Instinct

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Dear Mr. Hopkins,

No, don’t throw away this piece of paper; don’t dismiss me without hearing what I have to say. Extend me this courtesy. After all, because of this unspeakable act of rebellion, I could be writing my last review. But I’m ready to take my chances and speak without hiding behind the oh-so-eminently-safe third person, since – for once – I stand here, before you, not as a humble film lover, but as a passionate and tortured fan.

Remember me? I was the one who sat through two painful Brad Pitt movies merely to catch a glimpse of your presence on the screen. I was the one who watched you fight bears in The Edge, that testosterone feast which left me with a curious taste for oblivion. I was the shadow at your quiet side in 84 Charing Cross Road, the withered tree behind your cabin in The Dawning, the mold on the walls of your cell in The Silence of the Lambs. I’ve crossed oceans of time to find you, and I believe I’ve earned the right to speak.

Why Instinct? Why this Hannibal the Cannibal mutation? Why this feeble old Tarzan, this noble (white) savage determined to make his ambitious (black) psychiatrist face his demons – "Look deep into yourself, agent Starling!" Why this waste of talent on a less-than-extraordinary script?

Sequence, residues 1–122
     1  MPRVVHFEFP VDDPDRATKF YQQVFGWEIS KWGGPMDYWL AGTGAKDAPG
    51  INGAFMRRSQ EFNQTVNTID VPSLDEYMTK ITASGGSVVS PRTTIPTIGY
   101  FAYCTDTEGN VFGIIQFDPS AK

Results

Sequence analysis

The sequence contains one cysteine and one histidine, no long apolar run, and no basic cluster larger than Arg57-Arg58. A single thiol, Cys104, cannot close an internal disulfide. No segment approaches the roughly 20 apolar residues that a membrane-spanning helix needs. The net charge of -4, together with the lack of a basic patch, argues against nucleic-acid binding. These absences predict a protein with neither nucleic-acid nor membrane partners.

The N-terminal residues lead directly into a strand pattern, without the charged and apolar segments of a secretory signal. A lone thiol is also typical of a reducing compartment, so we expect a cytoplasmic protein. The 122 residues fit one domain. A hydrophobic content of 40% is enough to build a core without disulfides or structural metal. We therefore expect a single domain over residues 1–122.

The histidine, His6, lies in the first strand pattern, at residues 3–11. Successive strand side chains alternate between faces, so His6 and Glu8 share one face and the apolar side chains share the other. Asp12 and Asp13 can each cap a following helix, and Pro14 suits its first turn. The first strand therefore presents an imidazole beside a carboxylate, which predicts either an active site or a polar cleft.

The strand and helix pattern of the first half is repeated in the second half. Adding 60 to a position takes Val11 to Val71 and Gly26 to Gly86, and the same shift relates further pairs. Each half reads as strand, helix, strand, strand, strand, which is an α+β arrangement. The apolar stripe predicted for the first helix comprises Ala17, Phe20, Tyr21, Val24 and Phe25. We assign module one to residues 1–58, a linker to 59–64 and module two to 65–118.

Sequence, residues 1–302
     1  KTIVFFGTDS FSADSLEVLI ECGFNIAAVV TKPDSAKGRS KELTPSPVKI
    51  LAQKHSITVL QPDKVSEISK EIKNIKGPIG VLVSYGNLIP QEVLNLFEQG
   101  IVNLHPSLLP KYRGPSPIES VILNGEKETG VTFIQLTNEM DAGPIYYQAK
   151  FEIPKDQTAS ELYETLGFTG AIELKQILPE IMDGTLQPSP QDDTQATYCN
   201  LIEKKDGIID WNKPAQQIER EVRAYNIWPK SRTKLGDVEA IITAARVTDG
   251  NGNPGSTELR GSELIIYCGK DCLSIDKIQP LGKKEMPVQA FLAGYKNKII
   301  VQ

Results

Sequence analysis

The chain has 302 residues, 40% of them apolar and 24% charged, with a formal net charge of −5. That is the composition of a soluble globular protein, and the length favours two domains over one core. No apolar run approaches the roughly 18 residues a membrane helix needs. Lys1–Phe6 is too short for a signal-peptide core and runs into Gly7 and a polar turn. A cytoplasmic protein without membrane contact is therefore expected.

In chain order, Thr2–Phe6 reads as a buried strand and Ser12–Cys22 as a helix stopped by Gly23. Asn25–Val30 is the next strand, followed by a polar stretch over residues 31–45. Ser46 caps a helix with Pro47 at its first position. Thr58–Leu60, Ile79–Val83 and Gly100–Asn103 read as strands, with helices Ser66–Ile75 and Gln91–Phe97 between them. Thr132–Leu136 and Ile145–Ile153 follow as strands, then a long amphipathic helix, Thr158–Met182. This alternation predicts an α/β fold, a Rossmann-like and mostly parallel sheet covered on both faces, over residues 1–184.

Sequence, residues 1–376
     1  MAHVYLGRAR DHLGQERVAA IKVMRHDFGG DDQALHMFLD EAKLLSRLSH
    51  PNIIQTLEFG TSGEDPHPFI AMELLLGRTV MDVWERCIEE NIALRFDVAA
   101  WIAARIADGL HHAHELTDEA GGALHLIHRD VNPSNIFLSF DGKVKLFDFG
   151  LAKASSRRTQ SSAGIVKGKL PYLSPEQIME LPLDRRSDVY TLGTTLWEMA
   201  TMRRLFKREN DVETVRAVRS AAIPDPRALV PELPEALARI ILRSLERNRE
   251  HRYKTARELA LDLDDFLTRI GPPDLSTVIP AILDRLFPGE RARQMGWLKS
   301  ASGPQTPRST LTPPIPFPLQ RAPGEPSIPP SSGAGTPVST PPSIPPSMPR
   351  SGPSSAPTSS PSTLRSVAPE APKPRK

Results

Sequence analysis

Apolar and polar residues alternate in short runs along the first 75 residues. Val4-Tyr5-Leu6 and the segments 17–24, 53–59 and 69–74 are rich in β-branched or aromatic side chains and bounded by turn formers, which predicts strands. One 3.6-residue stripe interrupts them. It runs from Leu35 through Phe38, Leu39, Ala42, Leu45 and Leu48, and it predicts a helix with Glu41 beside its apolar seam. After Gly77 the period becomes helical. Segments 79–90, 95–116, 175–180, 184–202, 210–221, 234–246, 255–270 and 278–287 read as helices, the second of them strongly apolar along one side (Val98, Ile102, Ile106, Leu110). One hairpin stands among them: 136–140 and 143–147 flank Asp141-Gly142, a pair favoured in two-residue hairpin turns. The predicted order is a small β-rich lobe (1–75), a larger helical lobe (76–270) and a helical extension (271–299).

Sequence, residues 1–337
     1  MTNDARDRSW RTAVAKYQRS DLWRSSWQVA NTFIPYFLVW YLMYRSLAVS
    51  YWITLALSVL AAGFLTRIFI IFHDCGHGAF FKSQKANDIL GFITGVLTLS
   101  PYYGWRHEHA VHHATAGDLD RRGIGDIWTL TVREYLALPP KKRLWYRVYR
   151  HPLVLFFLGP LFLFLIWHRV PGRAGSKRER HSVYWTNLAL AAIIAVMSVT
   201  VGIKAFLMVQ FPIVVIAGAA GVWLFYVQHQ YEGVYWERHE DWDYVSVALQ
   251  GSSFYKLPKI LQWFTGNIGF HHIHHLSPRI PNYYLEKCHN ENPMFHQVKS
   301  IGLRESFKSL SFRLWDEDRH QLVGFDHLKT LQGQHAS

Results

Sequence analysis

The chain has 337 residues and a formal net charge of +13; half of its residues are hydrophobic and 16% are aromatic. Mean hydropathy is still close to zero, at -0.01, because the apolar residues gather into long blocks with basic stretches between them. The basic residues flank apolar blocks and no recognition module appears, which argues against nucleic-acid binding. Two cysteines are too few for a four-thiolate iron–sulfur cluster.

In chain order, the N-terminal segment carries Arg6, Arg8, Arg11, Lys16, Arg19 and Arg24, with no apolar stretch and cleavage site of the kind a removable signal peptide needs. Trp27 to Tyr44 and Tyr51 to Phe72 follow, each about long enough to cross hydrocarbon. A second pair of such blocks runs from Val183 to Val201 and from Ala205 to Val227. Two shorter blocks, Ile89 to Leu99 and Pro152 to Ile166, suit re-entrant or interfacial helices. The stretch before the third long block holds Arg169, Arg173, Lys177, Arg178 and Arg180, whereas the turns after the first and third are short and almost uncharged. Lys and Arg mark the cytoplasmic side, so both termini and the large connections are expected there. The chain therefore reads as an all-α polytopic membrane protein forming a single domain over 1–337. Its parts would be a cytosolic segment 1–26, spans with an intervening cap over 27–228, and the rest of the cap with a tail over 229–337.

To ask questions about fear and humanity? To point at the dangerous social game which fattens our bank accounts and spells advancement, but cripples us emotionally, a little more every day? To prove what? That animals are free and honest and we are not? That the daily miseries eating at our livers are going to be the death of us?

Like we don’t know? Like now, when virtual lovers have virtual orgasms whose frequency could induce a virtual relationship, going back to nature is the answer? So maybe you belong neither inside The Matrix nor in the gardens of eXistenZ, but there must be something better than a grim version of George of the Jungle for you, a role yet unscripted that would put your talent to good use.

Don’t misunderstand me. I’m not saying Instinct is a waste of time. The scenes with Cuba Gooding Jr. are admirably crafted. And people cry watching him struggle with your silence. But their tears are inconsequential, because there is no real dilemma behind this predictable exercise, and their sadness comes and goes, like the tide.

So here we are, on the shores of our brand-new fiction, with only three stars to keep us company: two for the film, and one for you to help you build a sand castle of your own.

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